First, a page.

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Coney Island Hot Dog Eating Contest Is My Sport

I have always lacked both talent and interest in athletics, making many “fun” Fourth of July activities (anything involving physical exertion) not so “fun” for me. However, this year, I looked forward to taking part in a very unique sporting competition: the Nathan’s hot dog eating contest.

The Fourth of July weekend was one in which everyone in America celebrated our independence, usually by drinking too much beer, wearing not enough sunscreen and wearing cheesy patriotic outfits. We pigged out (literally) with family and friends, stuffing our faces with traditional American food such as pasta salad and hamburgers.

Did you know you can get tens of thousands of dollars just for eating a lot of traditional American food? Thousands of people on Coney Island celebrated a century of Nathan’s Famous on the Fourth by watching as 20 intrepid eaters competed in its annual hot dog eating contest. The contest started back in 1916 when the stand opened, as four immigrants were trying to see who was the most patriotic. This competition has spread internationally, and even China had its own Nathan’s Famous hot dog eating contest.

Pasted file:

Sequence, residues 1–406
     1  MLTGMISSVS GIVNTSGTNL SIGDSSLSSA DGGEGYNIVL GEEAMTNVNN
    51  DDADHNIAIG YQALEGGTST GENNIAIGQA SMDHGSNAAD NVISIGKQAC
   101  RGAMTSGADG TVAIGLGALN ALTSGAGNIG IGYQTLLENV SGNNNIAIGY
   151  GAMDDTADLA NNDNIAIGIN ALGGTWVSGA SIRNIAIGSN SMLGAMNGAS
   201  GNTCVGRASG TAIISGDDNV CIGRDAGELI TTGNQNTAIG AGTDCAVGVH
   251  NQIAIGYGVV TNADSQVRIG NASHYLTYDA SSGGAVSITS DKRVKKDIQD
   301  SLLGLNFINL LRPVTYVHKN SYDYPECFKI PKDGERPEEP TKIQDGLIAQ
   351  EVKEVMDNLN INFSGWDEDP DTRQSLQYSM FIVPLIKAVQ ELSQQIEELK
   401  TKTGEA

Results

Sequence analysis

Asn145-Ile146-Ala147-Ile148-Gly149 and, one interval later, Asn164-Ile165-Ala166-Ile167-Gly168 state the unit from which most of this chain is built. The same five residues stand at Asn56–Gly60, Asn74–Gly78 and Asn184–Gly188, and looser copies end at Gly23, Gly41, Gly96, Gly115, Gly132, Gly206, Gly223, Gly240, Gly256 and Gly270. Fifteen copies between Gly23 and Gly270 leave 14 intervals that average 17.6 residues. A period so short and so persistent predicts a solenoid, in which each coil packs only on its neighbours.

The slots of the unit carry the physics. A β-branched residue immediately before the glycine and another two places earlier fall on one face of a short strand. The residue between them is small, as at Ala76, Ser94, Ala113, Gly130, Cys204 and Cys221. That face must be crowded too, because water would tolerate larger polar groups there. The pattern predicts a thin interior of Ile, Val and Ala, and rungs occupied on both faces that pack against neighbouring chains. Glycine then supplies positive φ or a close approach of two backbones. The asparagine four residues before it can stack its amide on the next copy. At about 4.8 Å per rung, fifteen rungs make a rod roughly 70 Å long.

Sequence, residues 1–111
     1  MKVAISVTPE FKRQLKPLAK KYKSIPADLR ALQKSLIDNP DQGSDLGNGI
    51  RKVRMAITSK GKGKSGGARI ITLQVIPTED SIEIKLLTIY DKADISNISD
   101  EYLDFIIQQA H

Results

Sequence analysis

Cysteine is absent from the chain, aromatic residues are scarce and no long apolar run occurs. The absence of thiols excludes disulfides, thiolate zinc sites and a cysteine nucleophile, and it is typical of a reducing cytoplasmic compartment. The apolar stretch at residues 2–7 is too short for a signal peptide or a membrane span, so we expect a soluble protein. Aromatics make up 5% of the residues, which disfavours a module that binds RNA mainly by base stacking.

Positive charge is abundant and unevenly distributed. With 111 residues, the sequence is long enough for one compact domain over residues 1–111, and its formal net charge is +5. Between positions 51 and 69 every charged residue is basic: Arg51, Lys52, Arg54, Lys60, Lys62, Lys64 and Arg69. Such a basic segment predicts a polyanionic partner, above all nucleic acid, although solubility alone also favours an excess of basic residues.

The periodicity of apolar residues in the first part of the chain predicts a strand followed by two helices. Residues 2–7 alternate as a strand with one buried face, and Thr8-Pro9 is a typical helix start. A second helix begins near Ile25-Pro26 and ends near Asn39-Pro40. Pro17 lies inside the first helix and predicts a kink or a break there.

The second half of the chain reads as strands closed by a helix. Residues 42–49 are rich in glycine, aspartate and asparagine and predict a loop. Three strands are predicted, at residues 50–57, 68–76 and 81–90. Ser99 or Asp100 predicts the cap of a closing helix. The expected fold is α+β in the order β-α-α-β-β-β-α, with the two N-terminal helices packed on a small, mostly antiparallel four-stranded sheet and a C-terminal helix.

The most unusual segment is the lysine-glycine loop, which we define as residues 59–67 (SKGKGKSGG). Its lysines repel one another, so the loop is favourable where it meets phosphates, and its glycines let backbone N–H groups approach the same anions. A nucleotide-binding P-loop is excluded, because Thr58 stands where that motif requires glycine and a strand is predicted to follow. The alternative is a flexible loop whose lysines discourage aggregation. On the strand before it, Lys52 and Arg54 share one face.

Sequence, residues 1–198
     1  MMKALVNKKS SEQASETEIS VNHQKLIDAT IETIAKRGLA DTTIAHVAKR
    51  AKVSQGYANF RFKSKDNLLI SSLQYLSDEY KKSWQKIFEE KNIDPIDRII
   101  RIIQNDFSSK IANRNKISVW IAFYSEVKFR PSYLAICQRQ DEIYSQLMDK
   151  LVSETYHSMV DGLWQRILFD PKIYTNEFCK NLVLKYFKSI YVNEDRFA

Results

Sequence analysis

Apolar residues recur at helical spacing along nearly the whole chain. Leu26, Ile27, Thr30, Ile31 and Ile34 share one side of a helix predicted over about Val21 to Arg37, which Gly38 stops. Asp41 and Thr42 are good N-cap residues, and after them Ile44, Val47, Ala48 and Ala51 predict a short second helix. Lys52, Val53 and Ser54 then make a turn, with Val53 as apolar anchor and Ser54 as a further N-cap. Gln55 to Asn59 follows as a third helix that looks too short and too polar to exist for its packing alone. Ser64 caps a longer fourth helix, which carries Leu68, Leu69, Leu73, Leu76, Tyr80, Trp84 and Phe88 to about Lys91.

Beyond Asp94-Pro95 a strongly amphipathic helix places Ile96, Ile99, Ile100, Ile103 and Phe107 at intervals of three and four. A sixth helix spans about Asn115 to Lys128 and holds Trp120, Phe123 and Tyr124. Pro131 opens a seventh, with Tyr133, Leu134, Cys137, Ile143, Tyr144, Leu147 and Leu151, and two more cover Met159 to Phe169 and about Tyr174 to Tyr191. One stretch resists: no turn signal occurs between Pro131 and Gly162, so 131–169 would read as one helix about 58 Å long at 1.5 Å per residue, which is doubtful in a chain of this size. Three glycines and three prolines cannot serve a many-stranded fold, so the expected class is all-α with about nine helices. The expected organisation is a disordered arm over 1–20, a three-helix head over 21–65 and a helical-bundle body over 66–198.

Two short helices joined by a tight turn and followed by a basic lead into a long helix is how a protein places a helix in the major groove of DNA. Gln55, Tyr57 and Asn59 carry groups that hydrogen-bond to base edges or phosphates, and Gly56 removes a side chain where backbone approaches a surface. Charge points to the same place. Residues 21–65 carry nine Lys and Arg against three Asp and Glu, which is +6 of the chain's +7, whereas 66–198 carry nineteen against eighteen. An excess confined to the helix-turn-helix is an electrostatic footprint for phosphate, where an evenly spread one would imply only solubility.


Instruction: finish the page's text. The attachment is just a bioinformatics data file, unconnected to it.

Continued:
Eight-time contest winner Joey Chestnut. Image by Flickr

This year, Joey “Jaws” Chestnut won his 9th title. Imagine how many hot dogs he’s eaten in his life… Chestnut quit his job in construction management to become a competitive eater, and the 32-year-old apparently receives over $200,000 a year from public appearances, sponsorships and prize money.

Although we may think of Nathan’s as just a delicious frank we consume at family barbeques, Nathan’s actually has a very interesting history. One hundred years ago, Polish Immigrant Nathan Handwerker opened up a hot dog stand on Coney Island with his wife’s secret hot dog recipe, according to the history on the website. Hot dogs were only a nickel back then, and he opened up the stand with a $300 loan from two of his friends. Business boomed immediately, and they opened up other stands in Times Square and Yonkers. Al Capone was a regular customer, and in 1939 the Queen and King of England feasted on Nathan’s Famous dogs. A century later, Nathan’s Famous can be found in supermarkets across America, and products can be found across the globe.

As for me, I didn’t end up making it to the contest. I guess I’ll have to wait another year to see if I finally found my sport.

P.S. The hot dogs are not kosher, but that doesn’t mean they’re not American!

Isabel Goldstein is the Forward’s summer food fellow. Follow her on Instagram, @IsabelHenia

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